Home News Cereno signs licensing deal with University of Michigan

Cereno signs licensing deal with University of Michigan

Cereno Licensing Deal University of Michigan

Cereno signs licensing deal with University of Michigan

5 April, 2023

Cereno Scientific continues to move forward with its plan to take two preclinical candidates for cardiovascular disease treatment into clinical development. This week, Cereno signed a licensing agreement with the University of Michigan that provides Cereno with exclusive rights to candidate CS585 for development and commercialisation.

Cereno Scientific’s strategy is to develop innovative treatments for common and rare cardiovascular disease (CVD) with disease-modifying capacity, safer and with fewer side effects compared with today’s alternatives, to improve patients’ quality of life and life expectancy.

The company already has one candidate, CS1, in phase II clinical development in the rare disease pulmonary arterial hypertension (PAH). In 2022, Cereno nominated two preclinical candidates to develop and bring into the clinic: CS585 and CS014. Read more.

Collaboration with University of Michigan

The story of the extended and diversified portfolio started already in 2020. That is when Cereno entered a research collaboration with the Cardiovascular Centre at the University of Michigan (UoM), one of the largest and most renowned cardiovascular research centres in the world. Lead investigator Dr Michael Holinstat, who is now Cereno’s Director of Translational Research, initiated the preclinical studies with compounds from Cereno’s development programmes.

Licensing agreement for CS585

One year later, in the spring of 2021, Cereno and UoM signed contracts for two joint 24-month programmes regarding CS014 and CS585. Candidate drug CS014 had previously been acquired from Emeriti Bio. However, since CS585 had been invented at UoM by Dr Michael Holinstat, and UoM had the patent rights, Cereno were keen to secure the future rights to CS585. The company thus signed an option agreement stipulating that if the preclinical evaluations of CS585 were to be successful, Cereno could exercise its option to exclusively in-license the drug candidate for further development and commercialisation.

Fast forward to April 4th, 2023, and thanks to the positive data obtained with CS585 thus far, Cereno exercised its option and signed a license agreement regarding CS585 with UoM. The company also simultaneously announced that it has extended the preclinical collaboration agreements it has with UoM for both CS585 and CS014.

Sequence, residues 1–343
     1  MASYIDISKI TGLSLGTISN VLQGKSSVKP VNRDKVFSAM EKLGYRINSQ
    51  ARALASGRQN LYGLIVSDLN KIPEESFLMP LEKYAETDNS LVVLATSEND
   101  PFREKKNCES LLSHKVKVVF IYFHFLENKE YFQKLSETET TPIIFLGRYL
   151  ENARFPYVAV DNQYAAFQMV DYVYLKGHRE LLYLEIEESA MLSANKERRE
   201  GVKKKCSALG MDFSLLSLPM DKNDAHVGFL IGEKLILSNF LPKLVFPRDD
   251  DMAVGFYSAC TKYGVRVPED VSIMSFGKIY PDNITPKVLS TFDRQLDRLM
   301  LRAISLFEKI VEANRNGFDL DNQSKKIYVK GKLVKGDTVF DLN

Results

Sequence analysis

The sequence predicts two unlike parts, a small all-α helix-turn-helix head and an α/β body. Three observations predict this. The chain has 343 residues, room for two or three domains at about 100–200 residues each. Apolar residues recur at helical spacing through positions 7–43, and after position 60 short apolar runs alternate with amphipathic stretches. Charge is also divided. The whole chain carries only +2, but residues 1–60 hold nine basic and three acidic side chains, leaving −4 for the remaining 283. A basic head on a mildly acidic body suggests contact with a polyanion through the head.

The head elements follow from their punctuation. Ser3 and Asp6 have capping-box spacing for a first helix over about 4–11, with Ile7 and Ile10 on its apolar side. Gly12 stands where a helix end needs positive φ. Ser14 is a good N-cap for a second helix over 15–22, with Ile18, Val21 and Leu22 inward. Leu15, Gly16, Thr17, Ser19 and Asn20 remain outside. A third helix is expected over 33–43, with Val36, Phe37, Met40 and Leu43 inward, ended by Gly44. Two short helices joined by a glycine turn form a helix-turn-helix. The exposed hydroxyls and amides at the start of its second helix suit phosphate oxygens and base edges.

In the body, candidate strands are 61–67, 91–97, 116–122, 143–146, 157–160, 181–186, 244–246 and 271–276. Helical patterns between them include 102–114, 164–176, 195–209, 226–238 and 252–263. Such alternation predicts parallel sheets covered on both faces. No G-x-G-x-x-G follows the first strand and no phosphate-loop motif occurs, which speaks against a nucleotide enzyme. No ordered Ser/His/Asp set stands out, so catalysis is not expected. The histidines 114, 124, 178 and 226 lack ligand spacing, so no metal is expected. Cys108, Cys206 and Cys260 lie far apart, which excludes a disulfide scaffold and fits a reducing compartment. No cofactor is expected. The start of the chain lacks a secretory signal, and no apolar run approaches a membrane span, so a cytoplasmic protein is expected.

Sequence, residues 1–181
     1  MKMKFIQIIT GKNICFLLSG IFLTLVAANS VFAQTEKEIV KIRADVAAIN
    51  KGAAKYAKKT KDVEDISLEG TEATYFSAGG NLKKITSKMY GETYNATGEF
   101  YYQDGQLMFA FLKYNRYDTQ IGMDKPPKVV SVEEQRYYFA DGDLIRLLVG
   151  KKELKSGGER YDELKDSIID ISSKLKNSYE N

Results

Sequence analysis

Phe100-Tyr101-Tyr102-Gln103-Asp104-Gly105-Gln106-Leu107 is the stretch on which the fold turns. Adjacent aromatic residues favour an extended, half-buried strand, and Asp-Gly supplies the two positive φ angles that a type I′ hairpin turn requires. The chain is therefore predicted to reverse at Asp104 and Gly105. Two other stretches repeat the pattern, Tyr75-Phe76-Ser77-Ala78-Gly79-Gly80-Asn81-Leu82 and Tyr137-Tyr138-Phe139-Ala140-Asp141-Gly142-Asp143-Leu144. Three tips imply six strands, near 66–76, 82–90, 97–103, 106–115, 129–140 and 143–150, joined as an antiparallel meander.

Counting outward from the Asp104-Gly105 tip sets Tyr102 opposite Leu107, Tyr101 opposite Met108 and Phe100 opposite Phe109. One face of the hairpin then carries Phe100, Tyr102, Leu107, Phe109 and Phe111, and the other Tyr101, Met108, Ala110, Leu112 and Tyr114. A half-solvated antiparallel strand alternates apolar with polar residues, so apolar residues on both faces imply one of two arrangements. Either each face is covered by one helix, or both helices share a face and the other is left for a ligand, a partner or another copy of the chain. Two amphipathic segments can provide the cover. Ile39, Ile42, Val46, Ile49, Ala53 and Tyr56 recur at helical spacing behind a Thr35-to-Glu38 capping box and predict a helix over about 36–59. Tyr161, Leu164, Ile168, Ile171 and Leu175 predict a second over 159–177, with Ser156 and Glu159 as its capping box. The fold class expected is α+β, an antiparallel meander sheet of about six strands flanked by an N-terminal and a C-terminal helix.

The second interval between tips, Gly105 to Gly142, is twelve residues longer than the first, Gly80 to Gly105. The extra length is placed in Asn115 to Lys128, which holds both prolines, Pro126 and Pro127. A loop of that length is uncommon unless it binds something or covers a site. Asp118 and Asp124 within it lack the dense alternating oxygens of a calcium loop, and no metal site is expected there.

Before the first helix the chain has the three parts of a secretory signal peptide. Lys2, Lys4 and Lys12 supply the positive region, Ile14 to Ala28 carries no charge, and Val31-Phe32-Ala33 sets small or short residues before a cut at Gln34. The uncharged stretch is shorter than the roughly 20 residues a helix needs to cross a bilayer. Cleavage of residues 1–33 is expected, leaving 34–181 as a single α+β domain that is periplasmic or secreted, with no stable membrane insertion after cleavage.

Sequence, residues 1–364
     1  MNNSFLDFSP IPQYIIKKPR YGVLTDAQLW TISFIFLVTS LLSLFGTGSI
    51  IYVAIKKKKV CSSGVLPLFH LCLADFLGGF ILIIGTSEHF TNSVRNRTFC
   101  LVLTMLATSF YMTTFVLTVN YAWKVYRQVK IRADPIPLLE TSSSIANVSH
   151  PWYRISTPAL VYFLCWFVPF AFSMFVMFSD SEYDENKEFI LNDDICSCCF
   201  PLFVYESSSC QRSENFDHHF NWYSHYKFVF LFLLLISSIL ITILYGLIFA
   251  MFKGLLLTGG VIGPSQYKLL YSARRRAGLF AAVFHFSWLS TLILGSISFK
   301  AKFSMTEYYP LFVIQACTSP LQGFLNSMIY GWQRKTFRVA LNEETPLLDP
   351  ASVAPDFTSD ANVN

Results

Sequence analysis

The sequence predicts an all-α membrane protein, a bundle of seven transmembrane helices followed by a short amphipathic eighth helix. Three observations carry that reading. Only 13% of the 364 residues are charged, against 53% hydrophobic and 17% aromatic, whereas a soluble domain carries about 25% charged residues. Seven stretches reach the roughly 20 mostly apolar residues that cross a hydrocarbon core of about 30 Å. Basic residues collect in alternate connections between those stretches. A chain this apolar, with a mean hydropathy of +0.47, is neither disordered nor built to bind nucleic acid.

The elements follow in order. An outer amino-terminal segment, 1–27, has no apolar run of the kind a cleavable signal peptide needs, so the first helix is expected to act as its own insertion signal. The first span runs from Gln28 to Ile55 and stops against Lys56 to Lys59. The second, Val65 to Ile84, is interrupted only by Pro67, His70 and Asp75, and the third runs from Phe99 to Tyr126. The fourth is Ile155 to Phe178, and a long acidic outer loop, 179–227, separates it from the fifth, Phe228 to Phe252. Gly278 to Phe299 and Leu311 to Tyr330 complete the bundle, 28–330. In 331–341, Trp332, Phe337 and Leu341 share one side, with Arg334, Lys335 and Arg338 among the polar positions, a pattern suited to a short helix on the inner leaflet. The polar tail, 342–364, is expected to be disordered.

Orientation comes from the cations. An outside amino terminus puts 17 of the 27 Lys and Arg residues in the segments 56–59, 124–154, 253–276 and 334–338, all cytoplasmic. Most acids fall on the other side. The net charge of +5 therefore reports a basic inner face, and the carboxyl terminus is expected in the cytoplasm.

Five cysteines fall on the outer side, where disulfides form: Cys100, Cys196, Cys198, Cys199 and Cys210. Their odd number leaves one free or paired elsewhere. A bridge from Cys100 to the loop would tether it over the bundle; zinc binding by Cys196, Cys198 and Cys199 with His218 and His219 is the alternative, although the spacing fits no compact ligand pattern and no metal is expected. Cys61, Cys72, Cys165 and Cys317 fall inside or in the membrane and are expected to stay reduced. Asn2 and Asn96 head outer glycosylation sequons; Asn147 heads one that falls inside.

Cereno has yet to disclose a target initial indication for CS585, but the potential of the molecule is currently being explored in several cardiovascular indications.

Cereno’s CEO Sten R. Sörensen commented on the new agreement with UoM:

“We are pleased to enter this licensing agreement with the University of Michigan. It is a great fit with our growth strategy and provides value to our portfolio within pulmonary arterial hypertension (PAH) and thrombosis. The extension of our preclinical collaboration agreements with UoM are based on a fruitful outcome of ongoing 24-month programs signed in the spring of 2021.”

Dr Holinstat was also pleased with the agreement:

“The drug candidate has provided promising data, and I look forward to continue the preclinical development program for CS585, together with Cereno.”

Interesting future for CS585

The company seem justified in its high expectations of the candidates, not least CS585. Dr Michael Holinstat first presented preclinical data relating to CS585 at the EHA 2022 Hybrid Congress last June, then at the ACC.23/WCC conference last month. The data showed that not only does CS585 prevent blood clot formation. It is also able to do so without significantly increasing the risk of bleeding. If these results were to be replicated in the clinical setting, they would thus represent a breakthrough in the prevention of thrombosis. Watch a video here where Dr Holinstat explains the mechanism of action of CS585.

Overall, the cooperation between Cereno Scientific and the University of Michigan has thus far been a testament to the power of collaboration between academia and industry in driving innovation and advancing scientific understanding.

The content of BioStock’s news and analyses is independent but the work of BioStock is to a certain degree financed by life science companies. The above article concerns a company from which BioStock has received financing.

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